A controversial bill to deprive Kazakhs of citizenship should they be convicted of various crimes, mostly related to terrorism, passed a first reading after being introduced by Kazakh Justice Minister Marat Bekentaev.
As reported by RFE/RL, the bill would allow Astana to strip Kazakhs of their citizenship if convicted of “organizing or joining terrorist groups, posing a threat to the Central Asian country’s ‘vitally important interests,’ or plotting to kill the president, among other offenses.” Other offenses that could lead to deprivation of citizenship under the bill — should it pass two more readings and be signed into law — include genocide and separatism.
Deprivation of citizenship is problematic in the eyes of international law. The Office of the United Nations High Commissioner for Human Rights notes that the “right to a nationality” is recognized through an array of international agreements and “corresponds to the prohibition of arbitrary deprivation of nationality.” The revocation of citizenship in effect creates a stateless person.Enjoying this article? Click here to subscribe for full access. Just $5 a month.
The broadness of the proposed Kazakh law is problematic also due to the at-times arbitrary nature of the country’s justice system. Separatism is already a charge arguably overused by Astana to punish critics of the state rather than threats to the state. In late 2015, a Kazakh man was sentenced to five years in jail on separatism charges. As I wrote at the time, “His crime? Posting a poll on a group (‘It Was Heard In Ridder’) on the Russian version of Facebook, VKontakte, that asked whether eastern Kazakhstan should join Russia. He had been found guilty of inciting separatism.”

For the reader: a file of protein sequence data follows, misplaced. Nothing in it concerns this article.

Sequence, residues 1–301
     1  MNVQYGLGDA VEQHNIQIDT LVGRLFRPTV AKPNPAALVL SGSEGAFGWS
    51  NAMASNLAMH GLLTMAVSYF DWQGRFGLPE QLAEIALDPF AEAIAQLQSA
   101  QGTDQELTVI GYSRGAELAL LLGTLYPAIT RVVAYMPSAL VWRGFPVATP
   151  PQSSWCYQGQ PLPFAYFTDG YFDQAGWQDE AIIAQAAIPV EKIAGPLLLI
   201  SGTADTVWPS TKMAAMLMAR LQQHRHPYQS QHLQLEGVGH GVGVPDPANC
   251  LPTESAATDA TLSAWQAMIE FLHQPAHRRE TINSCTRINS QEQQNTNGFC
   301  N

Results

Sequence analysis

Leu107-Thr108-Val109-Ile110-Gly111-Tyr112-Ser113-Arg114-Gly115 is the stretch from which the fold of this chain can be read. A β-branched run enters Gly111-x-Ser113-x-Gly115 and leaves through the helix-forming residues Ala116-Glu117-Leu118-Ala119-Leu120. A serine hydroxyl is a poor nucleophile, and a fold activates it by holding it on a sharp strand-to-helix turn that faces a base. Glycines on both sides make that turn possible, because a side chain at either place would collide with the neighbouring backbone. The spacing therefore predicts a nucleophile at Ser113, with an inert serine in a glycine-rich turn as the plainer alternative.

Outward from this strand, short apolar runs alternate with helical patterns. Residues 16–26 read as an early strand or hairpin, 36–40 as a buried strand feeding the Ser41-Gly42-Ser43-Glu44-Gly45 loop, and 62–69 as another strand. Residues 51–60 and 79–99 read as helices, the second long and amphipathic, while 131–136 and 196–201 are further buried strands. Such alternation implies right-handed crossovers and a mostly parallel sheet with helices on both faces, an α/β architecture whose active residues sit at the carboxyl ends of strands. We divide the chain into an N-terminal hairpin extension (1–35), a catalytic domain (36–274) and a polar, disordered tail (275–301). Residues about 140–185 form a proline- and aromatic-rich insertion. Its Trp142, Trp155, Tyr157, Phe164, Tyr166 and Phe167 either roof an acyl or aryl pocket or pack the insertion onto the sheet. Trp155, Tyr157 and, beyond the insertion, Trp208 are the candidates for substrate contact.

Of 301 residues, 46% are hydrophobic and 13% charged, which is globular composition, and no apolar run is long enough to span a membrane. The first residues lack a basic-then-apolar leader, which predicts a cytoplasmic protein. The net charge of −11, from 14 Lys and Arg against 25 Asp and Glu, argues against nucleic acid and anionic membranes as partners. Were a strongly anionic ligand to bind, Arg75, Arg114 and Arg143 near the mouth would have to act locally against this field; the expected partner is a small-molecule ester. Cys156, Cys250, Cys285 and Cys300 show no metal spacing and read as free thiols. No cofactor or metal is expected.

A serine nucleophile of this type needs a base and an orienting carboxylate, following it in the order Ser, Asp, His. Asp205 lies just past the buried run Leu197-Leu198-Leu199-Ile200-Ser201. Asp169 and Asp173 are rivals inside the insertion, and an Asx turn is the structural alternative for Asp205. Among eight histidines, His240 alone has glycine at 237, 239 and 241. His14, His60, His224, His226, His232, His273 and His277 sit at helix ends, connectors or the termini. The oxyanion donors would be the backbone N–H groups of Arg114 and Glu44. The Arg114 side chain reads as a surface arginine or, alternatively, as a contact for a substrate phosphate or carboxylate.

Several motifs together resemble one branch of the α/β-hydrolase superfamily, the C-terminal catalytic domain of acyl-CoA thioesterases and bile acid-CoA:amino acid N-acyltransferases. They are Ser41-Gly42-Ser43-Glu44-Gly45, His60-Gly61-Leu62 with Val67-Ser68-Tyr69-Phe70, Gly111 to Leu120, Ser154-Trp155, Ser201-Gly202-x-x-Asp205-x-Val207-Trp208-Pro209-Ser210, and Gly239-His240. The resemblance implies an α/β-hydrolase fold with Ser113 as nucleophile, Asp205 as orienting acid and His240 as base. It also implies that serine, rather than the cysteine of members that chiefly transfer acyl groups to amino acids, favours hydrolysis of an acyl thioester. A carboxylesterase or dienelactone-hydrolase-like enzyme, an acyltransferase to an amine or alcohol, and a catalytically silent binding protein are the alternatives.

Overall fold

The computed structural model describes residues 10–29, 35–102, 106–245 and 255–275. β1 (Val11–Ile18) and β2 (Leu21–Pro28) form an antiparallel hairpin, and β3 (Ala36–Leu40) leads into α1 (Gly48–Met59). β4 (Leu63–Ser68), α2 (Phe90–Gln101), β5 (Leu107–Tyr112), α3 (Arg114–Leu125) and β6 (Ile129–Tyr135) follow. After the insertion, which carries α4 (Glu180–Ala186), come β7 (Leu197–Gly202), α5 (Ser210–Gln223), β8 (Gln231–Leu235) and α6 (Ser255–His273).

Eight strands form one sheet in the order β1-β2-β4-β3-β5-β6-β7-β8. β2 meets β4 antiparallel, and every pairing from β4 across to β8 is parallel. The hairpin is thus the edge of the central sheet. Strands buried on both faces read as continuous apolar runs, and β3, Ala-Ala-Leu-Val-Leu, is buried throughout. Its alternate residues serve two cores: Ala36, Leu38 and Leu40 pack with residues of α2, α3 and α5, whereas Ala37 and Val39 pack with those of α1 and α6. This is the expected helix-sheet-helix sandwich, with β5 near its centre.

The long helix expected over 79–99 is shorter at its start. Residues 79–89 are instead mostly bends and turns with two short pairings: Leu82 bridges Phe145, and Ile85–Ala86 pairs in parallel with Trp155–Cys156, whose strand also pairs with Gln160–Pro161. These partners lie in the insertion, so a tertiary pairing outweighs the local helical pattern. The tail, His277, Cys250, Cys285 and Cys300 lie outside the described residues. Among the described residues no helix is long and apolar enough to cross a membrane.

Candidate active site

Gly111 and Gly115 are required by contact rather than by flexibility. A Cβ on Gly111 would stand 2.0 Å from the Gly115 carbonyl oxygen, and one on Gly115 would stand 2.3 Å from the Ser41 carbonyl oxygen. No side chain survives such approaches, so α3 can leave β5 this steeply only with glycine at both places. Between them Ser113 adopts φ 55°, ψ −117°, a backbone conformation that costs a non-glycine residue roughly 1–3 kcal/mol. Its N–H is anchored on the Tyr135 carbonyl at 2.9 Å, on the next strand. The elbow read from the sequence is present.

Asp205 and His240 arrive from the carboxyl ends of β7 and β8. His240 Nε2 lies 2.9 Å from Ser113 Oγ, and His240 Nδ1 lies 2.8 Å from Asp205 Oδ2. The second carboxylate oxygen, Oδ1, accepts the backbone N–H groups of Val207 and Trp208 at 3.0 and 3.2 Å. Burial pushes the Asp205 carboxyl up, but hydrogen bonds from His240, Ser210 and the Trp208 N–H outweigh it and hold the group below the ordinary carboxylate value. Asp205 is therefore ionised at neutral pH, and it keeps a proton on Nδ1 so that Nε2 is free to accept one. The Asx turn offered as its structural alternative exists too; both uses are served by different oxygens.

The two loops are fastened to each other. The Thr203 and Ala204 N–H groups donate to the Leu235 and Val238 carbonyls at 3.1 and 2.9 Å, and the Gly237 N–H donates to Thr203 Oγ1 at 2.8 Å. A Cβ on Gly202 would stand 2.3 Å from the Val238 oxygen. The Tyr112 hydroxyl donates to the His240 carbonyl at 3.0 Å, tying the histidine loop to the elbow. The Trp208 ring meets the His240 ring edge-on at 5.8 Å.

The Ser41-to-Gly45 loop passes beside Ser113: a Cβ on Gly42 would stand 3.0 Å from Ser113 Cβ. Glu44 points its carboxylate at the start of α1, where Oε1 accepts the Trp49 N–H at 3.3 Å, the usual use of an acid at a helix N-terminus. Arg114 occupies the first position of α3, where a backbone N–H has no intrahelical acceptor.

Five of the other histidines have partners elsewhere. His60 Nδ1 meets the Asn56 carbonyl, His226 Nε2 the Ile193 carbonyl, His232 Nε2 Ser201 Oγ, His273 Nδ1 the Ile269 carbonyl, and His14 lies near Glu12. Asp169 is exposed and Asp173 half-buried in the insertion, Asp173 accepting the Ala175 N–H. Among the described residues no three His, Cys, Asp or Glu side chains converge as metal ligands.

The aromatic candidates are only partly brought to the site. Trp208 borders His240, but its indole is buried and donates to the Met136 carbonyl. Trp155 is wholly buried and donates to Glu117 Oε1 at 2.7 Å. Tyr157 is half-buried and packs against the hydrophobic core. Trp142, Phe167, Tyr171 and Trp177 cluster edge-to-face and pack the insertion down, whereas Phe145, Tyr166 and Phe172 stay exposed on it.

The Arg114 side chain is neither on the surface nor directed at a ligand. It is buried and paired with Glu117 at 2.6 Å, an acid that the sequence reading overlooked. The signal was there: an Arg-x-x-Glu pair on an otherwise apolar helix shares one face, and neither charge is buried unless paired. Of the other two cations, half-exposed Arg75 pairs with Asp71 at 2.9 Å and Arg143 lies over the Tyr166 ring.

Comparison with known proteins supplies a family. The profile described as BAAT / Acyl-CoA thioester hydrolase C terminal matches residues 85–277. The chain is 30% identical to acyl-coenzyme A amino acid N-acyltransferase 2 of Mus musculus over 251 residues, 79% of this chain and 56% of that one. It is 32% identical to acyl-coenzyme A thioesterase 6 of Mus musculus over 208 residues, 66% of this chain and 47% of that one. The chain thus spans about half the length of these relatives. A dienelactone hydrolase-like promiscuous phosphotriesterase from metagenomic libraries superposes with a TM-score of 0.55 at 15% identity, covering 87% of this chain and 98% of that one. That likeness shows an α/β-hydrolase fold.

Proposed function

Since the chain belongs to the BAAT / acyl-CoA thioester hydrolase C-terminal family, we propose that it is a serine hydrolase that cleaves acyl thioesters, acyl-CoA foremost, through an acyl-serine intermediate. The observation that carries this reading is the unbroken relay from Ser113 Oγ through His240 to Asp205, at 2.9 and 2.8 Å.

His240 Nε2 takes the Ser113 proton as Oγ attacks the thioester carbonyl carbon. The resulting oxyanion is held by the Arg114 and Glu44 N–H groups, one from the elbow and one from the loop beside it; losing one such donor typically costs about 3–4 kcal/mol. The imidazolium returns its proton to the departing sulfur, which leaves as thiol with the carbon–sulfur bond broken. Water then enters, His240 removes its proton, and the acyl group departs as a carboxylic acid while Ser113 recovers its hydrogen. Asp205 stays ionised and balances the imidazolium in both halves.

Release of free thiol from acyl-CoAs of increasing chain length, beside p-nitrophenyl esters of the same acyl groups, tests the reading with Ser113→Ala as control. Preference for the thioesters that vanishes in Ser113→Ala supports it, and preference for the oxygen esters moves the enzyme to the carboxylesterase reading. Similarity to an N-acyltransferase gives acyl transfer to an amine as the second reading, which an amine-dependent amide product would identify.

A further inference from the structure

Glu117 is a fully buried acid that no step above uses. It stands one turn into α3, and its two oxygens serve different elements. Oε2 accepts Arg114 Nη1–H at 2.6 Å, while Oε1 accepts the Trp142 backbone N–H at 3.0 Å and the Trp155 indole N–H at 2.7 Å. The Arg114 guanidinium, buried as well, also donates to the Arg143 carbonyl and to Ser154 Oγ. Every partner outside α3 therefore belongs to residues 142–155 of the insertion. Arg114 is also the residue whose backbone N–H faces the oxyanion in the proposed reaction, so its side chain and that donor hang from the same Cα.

Astana may very well intend the law for Kazakhs who engage in terrorism abroad, but it could just as easily be directed at exiled Kazakh opposition figures. As RFE/RL notes:
Critics say the legislation might be used against many opposition politicians, some of whom have been living in self-imposed exile abroad, as the definition of “vitally important interests of Kazakhstan” is very vague.
In late April, Xinhua reported that the bill had been “approved” (likely referring to its finalization before being introduced in parliament) and quoted Kazakh Prime Minister Bakytzhan Sagintayev as denying that the law was politically motivated. “It’s not connected with any political issue. We want people who participate in terrorist activities not to have an opportunity to return to Kazakhstan to spread their ideology,” he said.
In April, President Nuruzultan Nazarbayev also argued in favor of the proposed law. In an interview with MIR TV, he said, “We tried to work with those who returned from the IS [Islamic State], however, it had no effect. That is why we made the decision to deprive them of citizenship.”
Kazakhstan is far from the first state to propose revoking citizenship for terrorism-related offenses. Indeed, last year French Justice Minister Christiane Taubira resigned her post in protest when then-French President Francois Hollande proposed stripping dual-citizens convicted of terrorism of French nationality. Hollande later dropped the proposal, but French law already provides for revoking citizenship of naturalized citizens if they are convicted of terrorism charges before becoming a French citizen or within 15 years of becoming one.
Elsewhere in Central Asia, both Tajikistan and Uzbekistan passed laws in 2015 to revoke citizenship from those who engage in terrorism, moves particularly aimed at Tajiks and Uzbeks who have traveled to Iraq and Syria. As Bradley Jardine wrote for Mufah at the time, “In Central Asia, nothing is as straightforward as it appears”:
Both Uzbekistan and Tajikistan have significant opposition movements outside the country, and the new laws are part of a strategy to lock these groups out of the region. Both governments have also recently and aggressively cracked down on opposition leaders, accusing them of extremism.
Russian President Vladimir Putin floated the idea of essentially following the French model, noting in an interview, as reported by Medusa, that “in accordance with the Russian Constitution, we cannot deprive anyone of citizenship. But we can revoke any decisions that served as the basis for the acquirement of Russian citizenship.”